Photoconductive emitter device with plasmonic electrodes
A photoconductive device that includes a semiconductor substrate, an antenna assembly, and a photoconductive assembly with one or more plasmonic contact electrodes. The photoconductive assembly can be provided with plasmonic contact electrodes that are arranged on the semiconductor substrate in a manner that improves the quantum efficiency of the photoconductive device by plasmonically enhancing the pump absorption into the photo-absorbing regions of semiconductor substrate. In one exemplary embodiment, the photoconductive device is arranged as a photoconductive source and is pumped at telecom pump wavelengths (e.g., 1.0-1.6 μm) and produces milliwatt-range power levels in the terahertz (THz) frequency range.
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This invention was made with government support under N66001-10-1-4027 awarded by Navy/SPAWAR, W911NF-12-1-0253 awarded by the Army Research Office, N00014-11-1-0856 awarded by the Office of Naval Research, EECCS1054454 Awarded by the National Science Foundation, N00014-11-1-0096 awarded by the Office of Naval Research. The government has certain rights in the invention.TECHNICAL FIELD
This invention relates generally to photoconductive devices and, more particularly, to photoconductive devices that emit or detect terahertz (THz) waves using plasmonic electrodes for improved quantum efficiency.BACKGROUND OF THE INVENTION
Terahertz (THz) waves possess a number of unique capabilities and properties, including ones that make them useful for chemical identification, material characterization, biological sensing, and medical imaging, to cite a few examples. Terahertz Time Domain Spectroscopy (THz-TDS) is a spectroscopic technique that uses very short pulses of THz radiation to probe or analyze different properties of a material and is sensitive to the material's effect on both the amplitude and phase of the THz radiation. Although there is much potential for the commercial use of THz-TDS systems, their use thus far has been somewhat hindered by certain drawbacks, such as their low power, inefficiency, high cost, thermal breakdown, complexity, and the bulky nature of existing terahertz sources.
For example, most existing terahertz (THz) spectrometers are not broadly used for military and commercial chemical detection and/or characterization purposes. This is mainly due to the drawbacks mentioned above which can hinder the practical feasibility of such systems, particularly in portable systems. Some research has been conducted in the areas of frequency domain terahertz spectrometers utilizing coherent terahertz sources, solid-state terahertz sources, quantum-cascade lasers (QCLs), and nonlinear optical techniques for down-conversion to terahertz frequencies, to name a few, however, each of these approaches has drawbacks of its own. Finding an approach that offers suitable output power and efficiency across a wide range of terahertz (THz) or nearby frequencies, yet does so in a relatively compact form and under normal operating conditions, can be challenging.SUMMARY OF THE INVENTION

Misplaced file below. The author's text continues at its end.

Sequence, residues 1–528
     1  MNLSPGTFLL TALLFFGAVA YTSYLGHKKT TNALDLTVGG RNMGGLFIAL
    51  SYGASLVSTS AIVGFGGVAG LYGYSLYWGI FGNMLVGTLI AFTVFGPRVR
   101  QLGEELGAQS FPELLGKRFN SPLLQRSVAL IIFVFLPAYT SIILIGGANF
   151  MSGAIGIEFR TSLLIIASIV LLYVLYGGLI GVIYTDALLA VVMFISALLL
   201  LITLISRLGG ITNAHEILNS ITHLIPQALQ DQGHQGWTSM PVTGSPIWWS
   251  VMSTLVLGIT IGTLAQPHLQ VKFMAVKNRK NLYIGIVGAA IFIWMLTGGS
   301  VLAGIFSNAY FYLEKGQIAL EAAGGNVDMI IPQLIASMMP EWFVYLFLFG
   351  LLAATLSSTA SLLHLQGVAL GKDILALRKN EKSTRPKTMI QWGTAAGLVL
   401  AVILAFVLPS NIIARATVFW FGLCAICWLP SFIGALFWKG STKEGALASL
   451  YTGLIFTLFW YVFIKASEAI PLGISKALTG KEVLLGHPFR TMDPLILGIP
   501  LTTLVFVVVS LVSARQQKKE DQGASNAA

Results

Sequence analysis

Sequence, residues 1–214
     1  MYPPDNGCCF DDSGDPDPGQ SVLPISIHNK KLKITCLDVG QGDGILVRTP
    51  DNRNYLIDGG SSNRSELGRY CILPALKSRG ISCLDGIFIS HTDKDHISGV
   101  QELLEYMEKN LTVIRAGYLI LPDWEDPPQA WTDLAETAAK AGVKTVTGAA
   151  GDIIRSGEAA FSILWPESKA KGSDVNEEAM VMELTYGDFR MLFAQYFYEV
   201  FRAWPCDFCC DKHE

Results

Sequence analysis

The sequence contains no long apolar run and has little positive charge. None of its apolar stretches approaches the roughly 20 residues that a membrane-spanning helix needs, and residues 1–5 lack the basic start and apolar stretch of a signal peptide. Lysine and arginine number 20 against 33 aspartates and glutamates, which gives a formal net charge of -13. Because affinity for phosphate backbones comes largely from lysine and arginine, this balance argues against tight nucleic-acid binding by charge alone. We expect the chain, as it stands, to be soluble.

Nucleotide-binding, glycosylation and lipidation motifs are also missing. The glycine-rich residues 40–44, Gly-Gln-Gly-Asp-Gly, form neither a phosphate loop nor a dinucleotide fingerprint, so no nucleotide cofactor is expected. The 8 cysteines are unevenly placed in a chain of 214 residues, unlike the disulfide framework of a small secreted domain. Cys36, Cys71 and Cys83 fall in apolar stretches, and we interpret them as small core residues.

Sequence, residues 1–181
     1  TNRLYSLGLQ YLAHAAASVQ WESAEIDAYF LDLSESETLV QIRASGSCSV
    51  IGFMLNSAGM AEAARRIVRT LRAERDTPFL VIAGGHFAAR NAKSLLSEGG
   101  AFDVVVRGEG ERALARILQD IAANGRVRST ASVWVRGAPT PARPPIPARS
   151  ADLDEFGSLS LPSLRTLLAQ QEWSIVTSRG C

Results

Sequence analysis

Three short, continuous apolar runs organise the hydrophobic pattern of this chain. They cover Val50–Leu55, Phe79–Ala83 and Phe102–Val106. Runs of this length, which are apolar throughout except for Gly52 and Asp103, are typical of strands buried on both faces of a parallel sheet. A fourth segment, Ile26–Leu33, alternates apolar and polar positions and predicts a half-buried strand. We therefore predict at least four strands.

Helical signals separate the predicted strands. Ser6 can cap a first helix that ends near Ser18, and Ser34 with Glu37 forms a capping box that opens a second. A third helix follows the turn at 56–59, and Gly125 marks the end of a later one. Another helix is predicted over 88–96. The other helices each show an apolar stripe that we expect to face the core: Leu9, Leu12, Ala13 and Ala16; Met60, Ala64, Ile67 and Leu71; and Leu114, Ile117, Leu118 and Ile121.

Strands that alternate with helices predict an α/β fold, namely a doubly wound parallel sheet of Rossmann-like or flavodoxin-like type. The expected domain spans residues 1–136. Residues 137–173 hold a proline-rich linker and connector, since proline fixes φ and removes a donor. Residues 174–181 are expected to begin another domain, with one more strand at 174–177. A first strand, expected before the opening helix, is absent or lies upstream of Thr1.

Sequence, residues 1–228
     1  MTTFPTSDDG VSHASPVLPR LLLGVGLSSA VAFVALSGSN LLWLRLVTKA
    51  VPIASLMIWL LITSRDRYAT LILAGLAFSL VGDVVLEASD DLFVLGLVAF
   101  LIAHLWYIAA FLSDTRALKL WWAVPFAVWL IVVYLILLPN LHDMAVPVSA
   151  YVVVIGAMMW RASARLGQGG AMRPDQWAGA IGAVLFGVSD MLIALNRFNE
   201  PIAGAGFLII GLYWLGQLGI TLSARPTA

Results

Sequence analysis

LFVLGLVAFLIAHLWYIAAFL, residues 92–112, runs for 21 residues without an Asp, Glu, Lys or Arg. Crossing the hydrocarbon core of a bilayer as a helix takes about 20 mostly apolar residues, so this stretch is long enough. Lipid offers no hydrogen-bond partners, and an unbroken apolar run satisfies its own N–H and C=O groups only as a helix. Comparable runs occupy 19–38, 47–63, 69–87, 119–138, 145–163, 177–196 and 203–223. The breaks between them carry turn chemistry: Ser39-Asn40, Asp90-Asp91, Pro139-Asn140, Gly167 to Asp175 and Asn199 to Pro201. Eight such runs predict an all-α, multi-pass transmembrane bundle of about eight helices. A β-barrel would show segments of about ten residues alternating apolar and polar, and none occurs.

According to one aspect, there is provided a photoconductive device for emitting or detecting terahertz (THz) radiation. The photoconductive device may comprise: a semiconductor substrate; an antenna assembly fabricated on the semiconductor substrate; and a photoconductor assembly fabricated on the semiconductor substrate and coupled to the antenna assembly, the photoconductor assembly includes one or more plasmonic contact electrodes. The photoconductive device receives optical input from at least one optical source and uses the plasmonic contact electrodes to improve the quantum efficiency of the photoconductive device.
According to another aspect, there is provided a method of operating a photoconductive device that has a semiconductor substrate, an antenna assembly, and one or more plasmonic contact electrodes. The method may comprise the steps of: (a) receiving optical input from an optical source at the semiconductor substrate; (b) promoting the excitation of surface plasmon waves or surface waves with the plasmonic contact electrodes, wherein the surface plasmon waves or surface waves influence the optical input from the optical source so that a greater amount of optical input is absorbed by the semiconductor substrate and results in photocurrent in the semiconductor substrate; (c) applying a voltage to the antenna assembly so that a first portion of the photocurrent in the semiconductor substrate drifts toward a first antenna terminal and a second portion of the photocurrent in the semiconductor substrate drifts toward a second antenna terminal; and (d) emitting terahertz (THz) radiation from the photoconductive device in response to the first and second antenna terminals being supplied with the first and second portions of photocurrent.
According to another aspect, there is provided a method of operating a photoconductive device that has a semiconductor substrate, an antenna assembly, and one or more plasmonic contact electrodes. The method may comprise the steps of: (a) receiving optical input from an optical source at the semiconductor substrate; (b) promoting the excitation of surface plasmon waves or surface waves with the plasmonic contact electrodes, wherein the surface plasmon waves or surface waves influence the optical input from the optical source so that a greater amount of optical input is absorbed by the semiconductor substrate and results in photocurrent in the semiconductor substrate; (c) receiving incident terahertz radiation through the antenna assembly which induces a terahertz electric field across the plasmonic contact electrodes; and (d) drifting the photocurrent toward the plasmonic contact electrodes as a result of the induced terahertz electric field which generates an output photocurrent that is proportional to a magnitude of the incident terahertz radiation.
Preferred exemplary embodiments will hereinafter be described in conjunction with the appended drawings, wherein like designations denote like elements, and wherein: